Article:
I’m still in Winter Wonderland, 1035 aeronautical miles from my home. Despite my previous misgivings, it has actually been a surprisingly lighthearted, benign, and enjoyable trip so far. The most traumatic event thus far involved a temporary loss of everything most valuable, with which I was soon reunited. I’m crossing my fingers that everything remains copesthetic.
One of the more interesting events thus far consisted of an opportunity to help another person in a venue that is still rare and new to me: a chance to have a conversation with a parent who suspects that their child may be on the spectrum, who wanted to gain my perspective!
She (I’ll call her “Julie”, which isn’t her real name) is a condominium neighbor of the dear friend with whom I stay when I visit Winter Wonderland; they live right down the hall from each other. They see each other in passing, and they make small talk that sometimes doesn’t stay so “small”. Sometimes the bits of passing conversation evolve to deeper and more personal goings-on.
One day, prior to my visit, the “Julie” mentioned to my friend that her son may be on the autism spectrum. This concerned the lady a great deal – not so much of an “oh no” mindset, but rather, more of a “now what? What is this?” thought-train.
When my friend relayed this to me, I made a very clear and firm offer to help, to talk with Julie if she is interested. As it turns out, she was.
We met last night, in the comfortable and ambient-lit living room of my dear friend’s condo. My dear friend made introductions and then retired to her room, both for her own rest and to let Julie and me talk just the two of us.
Julie made small talk at first. It dawned on me that she was doing this out of respect for me, rather than getting right down to business immediately. It wasn’t necessary for me, but I didn’t stop her, because I could sense her coexisting need for it – i.e., she needed to do this for herself, too. I focused and followed as best I could, but I wouldn’t be able to recall the subject matter now, a mere 15 hours later. But that’s OK. It gave her what she needed, and that’s what counted.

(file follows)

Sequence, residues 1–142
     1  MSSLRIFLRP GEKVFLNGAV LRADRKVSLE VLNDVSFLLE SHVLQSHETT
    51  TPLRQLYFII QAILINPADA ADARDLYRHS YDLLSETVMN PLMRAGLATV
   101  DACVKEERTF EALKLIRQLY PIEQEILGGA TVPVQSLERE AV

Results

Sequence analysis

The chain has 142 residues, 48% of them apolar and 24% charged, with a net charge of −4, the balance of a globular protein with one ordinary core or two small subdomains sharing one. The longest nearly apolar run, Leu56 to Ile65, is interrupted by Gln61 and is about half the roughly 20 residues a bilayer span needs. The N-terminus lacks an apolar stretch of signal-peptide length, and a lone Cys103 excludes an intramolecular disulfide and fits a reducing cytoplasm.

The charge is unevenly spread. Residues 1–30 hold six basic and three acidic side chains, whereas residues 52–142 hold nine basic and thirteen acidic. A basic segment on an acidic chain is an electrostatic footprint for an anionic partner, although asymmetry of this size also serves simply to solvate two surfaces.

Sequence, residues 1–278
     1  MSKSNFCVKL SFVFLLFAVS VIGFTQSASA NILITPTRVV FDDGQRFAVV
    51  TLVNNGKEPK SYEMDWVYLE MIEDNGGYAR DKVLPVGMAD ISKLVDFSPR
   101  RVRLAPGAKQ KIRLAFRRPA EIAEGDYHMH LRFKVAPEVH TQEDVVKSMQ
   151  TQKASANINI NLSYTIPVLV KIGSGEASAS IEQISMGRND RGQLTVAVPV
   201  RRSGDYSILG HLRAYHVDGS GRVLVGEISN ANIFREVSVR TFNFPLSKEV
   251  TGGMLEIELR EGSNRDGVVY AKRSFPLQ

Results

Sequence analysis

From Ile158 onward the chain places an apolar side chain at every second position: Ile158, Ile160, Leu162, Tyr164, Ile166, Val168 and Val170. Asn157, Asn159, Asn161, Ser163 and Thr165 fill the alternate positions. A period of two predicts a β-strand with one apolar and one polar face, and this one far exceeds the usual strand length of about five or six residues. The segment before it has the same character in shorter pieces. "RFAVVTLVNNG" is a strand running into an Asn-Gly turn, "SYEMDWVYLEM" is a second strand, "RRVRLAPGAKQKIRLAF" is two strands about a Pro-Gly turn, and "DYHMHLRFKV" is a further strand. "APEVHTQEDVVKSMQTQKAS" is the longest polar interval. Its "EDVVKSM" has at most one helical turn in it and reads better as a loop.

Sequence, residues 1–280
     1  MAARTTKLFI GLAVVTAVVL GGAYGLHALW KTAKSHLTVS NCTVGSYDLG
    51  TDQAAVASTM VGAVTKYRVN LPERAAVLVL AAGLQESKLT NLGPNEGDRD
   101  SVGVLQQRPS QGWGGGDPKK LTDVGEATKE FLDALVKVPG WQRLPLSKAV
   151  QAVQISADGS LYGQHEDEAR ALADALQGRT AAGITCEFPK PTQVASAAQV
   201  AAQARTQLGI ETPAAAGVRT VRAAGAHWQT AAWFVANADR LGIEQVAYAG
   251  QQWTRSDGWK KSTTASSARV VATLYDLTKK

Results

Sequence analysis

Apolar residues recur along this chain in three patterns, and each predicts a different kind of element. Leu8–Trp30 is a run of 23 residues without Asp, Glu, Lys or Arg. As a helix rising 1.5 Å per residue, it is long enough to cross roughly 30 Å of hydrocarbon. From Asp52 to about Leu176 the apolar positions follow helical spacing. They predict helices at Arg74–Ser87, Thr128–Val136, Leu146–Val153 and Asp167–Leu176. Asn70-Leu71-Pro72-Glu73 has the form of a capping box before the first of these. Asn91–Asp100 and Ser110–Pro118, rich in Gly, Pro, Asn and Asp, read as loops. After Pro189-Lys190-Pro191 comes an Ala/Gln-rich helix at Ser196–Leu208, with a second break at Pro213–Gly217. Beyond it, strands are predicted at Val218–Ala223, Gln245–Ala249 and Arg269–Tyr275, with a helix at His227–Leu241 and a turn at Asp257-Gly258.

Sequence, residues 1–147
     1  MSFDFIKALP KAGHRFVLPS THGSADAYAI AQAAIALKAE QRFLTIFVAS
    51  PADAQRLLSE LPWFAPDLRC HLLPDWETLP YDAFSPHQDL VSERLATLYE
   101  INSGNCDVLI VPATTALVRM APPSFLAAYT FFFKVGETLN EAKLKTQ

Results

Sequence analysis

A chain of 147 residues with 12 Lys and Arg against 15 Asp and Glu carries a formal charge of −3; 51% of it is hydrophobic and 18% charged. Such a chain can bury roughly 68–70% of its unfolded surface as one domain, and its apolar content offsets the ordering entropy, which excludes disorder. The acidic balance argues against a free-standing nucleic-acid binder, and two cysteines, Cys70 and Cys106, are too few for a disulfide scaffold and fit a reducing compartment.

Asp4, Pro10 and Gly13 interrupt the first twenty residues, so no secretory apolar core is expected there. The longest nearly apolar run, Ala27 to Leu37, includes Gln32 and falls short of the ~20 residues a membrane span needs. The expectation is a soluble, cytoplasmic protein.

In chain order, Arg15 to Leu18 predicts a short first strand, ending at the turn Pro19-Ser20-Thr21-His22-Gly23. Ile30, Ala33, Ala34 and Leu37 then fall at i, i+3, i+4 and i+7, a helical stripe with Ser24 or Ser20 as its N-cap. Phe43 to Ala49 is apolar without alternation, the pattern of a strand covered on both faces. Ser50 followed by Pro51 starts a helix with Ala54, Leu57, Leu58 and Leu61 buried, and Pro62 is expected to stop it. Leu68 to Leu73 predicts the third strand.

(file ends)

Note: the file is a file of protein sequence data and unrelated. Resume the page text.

Julie is a sweet and frazzled mom of two young children, who is currently going through a fairly nasty divorce. My dear friend suspects that the other child may be on the spectrum, too, but none of us are psychology specialists. Julie is a genuine and attentive mom, an intelligent lady with plenty of common sense. She’s attuned to her children, but does not strike me as a helicopter mom.
After a sufficient amount of small talk, she gingerly dove in. “I understand you’re on the autism spectrum?”
She took me in, studying me without being too obvious about it.
I nodded and smiled and said, “I am.”
I assured her right away that I am open and that I’ll answer any questions she has, and tell her anything she wants to know, and help her in any way I can.
What was I going to “help” her with? I didn’t know her. I didn’t know her son; I may have seen him in passing, in the hallway, when each of us was coming and going, on our way to somewhere else, separate paths that met tangentially, and only for fleeting moments here and there.
And then there was…me. Christmas Eve marked the nine-month notch of time since I first realized that I was more than likely on the spectrum, so although I have 39 years of experience of living life on the Asperger’s/autism spectrum, I still feel like the new kid on the block. As much as I know and as much as I’ve been through, there’s still so much more to learn.
So who was I to say anything to anyone about this subject? What made me an expert? Besides my in-the-dark and spectrum-unaware life experience and my intense interest in my frequent Google searches and blog fine-tooth-combing, nothing.
But I was here.
I was accessible, within quick and easy reach.
And I was willing.
Was that enough? (Is that sufficient?)
We had a delightful conversation (at least, I perceived it that way, and I hope she did, too). The first question she asked me was about how I came to suspect that I might be on the spectrum, and how I found out. I told her my stories – how I first came to suspect that I’m an Aspie, and what how I proceeded to solidify my suspicions from there.